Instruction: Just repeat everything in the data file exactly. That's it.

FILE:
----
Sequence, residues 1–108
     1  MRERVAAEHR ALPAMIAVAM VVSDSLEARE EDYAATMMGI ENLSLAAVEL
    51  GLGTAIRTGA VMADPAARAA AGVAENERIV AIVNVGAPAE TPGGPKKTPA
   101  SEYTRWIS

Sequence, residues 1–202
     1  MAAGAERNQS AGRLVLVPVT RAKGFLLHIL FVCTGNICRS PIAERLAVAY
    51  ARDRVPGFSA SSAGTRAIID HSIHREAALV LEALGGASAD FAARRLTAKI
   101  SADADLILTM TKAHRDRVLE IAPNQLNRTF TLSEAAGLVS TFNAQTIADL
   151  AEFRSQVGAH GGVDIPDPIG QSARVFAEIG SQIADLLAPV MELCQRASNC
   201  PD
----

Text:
Sequence, residues 1–108
     1  MRERVAAEHR ALPAMIAVAM VVSDSLEARE EDYAATMMGI ENLSLAAVEL
    51  GLGTAIRTGA VMADPAARAA AGVAENERIV AIVNVGAPAE TPGGPKKTPA
   101  SEYTRWIS

Sequence, residues 1–202
     1  MAAGAERNQS AGRLVLVPVT RAKGFLLHIL FVCTGNICRS PIAERLAVAY
    51  ARDRVPGFSA SSAGTRAIID HSIHREAALV LEALGGASAD FAARRLTAKI
   101  SADADLILTM TKAHRDRVLE IAPNQLNRTF TLSEAAGLVS TFNAQTIADL
   151  AEFRSQVGAH GGVDIPDPIG QSARVFAEIG SQIADLLAPV MELCQRASNC
   201  PD